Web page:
C O'R v DPP
 IESCDET 3
An Chúirt Uachtarach
The Supreme Court
This determination concerns an application brought by the applicant, CO'R, in which the applicant seeks a determination under Article 34.5.3° of the Constitution to allow an appeal to this Court from the decision of the Court of Appeal delivered on the 27th of March 2015: judgment of Ryan P and Birmingham and Edwards JJ. CO'R will have the assumed name George for the purposes of this determination.
The applicant George was convicted of rape contrary to section 48 of the Offences Against the Person Act 1861 and section 2 of the Criminal Law (Rape) Act 1981 as amended by section 21 of the Criminal Law (Rape) (Amendment) Act 1990 at the Central Criminal Court after a four day criminal trial ending on 4th July 2012. He was sentenced to 12 years imprisonment. The rape perpetrated by George was on his mother, a lady in her 60s.
Sexual intercourse was admitted by George following a complaint by his mother. The issue at trial before White J and a jury was that of consent. The jury convicted by a 10:2 majority. The appeal to the Court of Appeal centred on that issue of consent and the definition of the mental element of rape but in doing so also ruled on other issues as to the sufficiency of evidence and the discovery of medical records. It is clear, however, that what assumes significance in this application is the issue of consent to sexual intercourse and the nature of the mental element that must be present for an accused person who has intercourse with a woman who does not consent to be convicted. Questions of the sufficiency of evidence, whether a direction to acquit should or should not have been granted by the trial judge at the close of the prosecution case and whether there had been proper disclosure must ordinarily be regarded as issues for the Court of Appeal: only extraordinary circumstances would justify a further appeal to this Court on issues of that kind.
The Court of Appeal considered the issue of consent in the context of the circumstances and the trial judge's charge to the jury. The accused George had made the case that he genuinely believed that his mother consented to having sexual intercourse with him. George claimed that his mother had danced in a sensual manner with him prior to that event and that alcohol had been consumed. Prescription medication had been taken in the ordinary way, apparently, by her. His mother characterised the dance as being of a ballroom kind and further denied consent. She, for some moments prior to the intercourse, had a failure of recollection for whatever reason. On behalf of George, it was argued that this meant ‘she was unsure on crucial matters.’ It is claimed that counsel for the prosecution in closing the case to the jury described the elements of the offence of rape as being fulfilled where an accused had no reasonable belief that the woman was consenting. For the accused, in the defence closing address, the law was stated as merely requiring an actual belief that consent was present. The Court of Appeal dealt with this significant point at paragraph 48 of their judgment thus:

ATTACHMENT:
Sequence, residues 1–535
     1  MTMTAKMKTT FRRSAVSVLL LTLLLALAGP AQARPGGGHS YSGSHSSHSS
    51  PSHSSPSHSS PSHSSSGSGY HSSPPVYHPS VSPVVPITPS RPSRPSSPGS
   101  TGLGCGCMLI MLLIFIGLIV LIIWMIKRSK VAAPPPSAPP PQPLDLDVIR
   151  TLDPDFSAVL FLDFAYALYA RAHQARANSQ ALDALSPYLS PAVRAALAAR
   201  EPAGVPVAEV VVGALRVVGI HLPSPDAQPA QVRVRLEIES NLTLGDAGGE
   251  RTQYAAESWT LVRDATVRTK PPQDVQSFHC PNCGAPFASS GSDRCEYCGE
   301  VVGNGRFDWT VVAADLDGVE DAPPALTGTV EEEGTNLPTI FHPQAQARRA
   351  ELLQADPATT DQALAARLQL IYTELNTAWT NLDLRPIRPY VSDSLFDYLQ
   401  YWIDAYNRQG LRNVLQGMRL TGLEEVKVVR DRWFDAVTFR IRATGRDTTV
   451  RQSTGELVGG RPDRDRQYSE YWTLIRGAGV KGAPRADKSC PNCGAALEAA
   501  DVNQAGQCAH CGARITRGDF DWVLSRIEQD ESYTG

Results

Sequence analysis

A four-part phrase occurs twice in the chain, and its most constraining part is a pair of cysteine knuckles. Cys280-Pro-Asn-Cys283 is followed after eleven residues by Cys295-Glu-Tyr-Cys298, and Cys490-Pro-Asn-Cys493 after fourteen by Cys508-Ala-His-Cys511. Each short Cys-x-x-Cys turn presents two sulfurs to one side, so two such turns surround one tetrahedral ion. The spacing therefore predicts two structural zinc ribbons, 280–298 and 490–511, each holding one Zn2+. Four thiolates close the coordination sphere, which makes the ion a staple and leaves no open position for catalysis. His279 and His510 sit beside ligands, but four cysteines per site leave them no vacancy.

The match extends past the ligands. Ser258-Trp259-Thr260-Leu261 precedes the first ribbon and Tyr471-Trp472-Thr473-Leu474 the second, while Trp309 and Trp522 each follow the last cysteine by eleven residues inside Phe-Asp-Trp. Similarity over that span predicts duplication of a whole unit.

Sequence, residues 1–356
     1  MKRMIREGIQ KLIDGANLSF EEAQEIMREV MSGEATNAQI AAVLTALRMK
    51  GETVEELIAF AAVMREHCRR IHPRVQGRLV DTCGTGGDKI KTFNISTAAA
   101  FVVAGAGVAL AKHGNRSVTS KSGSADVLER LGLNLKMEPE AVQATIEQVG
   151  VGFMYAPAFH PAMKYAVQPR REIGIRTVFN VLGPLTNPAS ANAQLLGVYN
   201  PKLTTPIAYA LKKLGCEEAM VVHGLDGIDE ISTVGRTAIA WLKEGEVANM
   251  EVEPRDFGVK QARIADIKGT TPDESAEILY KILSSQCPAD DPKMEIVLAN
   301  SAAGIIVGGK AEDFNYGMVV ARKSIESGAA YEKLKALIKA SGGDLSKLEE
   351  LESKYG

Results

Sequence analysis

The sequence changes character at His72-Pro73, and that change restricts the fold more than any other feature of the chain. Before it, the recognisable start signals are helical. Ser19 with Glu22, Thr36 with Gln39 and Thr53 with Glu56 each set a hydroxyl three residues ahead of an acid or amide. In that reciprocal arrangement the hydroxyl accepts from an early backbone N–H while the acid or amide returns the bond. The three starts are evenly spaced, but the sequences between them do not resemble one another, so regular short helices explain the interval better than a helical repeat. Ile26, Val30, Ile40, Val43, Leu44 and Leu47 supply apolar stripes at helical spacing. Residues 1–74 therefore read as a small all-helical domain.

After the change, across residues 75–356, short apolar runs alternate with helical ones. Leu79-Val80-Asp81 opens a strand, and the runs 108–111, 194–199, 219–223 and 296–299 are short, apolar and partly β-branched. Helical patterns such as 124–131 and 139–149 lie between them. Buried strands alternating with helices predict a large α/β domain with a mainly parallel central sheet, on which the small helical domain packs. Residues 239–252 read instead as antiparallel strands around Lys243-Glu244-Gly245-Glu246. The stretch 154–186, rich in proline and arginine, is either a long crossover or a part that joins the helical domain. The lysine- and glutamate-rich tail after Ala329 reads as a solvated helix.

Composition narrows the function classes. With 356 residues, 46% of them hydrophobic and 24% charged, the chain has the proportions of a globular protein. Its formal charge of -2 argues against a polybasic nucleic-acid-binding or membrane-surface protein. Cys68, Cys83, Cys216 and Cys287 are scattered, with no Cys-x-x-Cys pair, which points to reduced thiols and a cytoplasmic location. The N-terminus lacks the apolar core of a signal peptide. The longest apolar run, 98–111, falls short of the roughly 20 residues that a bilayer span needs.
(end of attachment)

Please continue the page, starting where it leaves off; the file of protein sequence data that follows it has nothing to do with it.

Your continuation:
There was no complaint about the judge's charge to the jury and the judge did say that the jury must take the law from him. The trial judge set out the provisions of s. 2(2) of the Criminal Law (Rape) Act 1981 as follows:
‘The Act goes on to further provide, Ladies and Gentlemen, that if at a trial for a rape offence, the jury has to consider whether a man believed that a woman was consenting to sexual intercourse, the presence or absence of reasonable grounds for such a belief is a matter to which the jury is to have regard in conjunction with other relevant matters in considering whether o not he so believed. In this case, the case is made that the accused man believed that the woman was consenting. So you must look and see whether or not there is present or absent reasonable grounds of such a belief and they are matters that you have to have regard to, considering the overall picture, the entire picture. Was there a reason why the man might believe that she was consenting or was there an absence of any...
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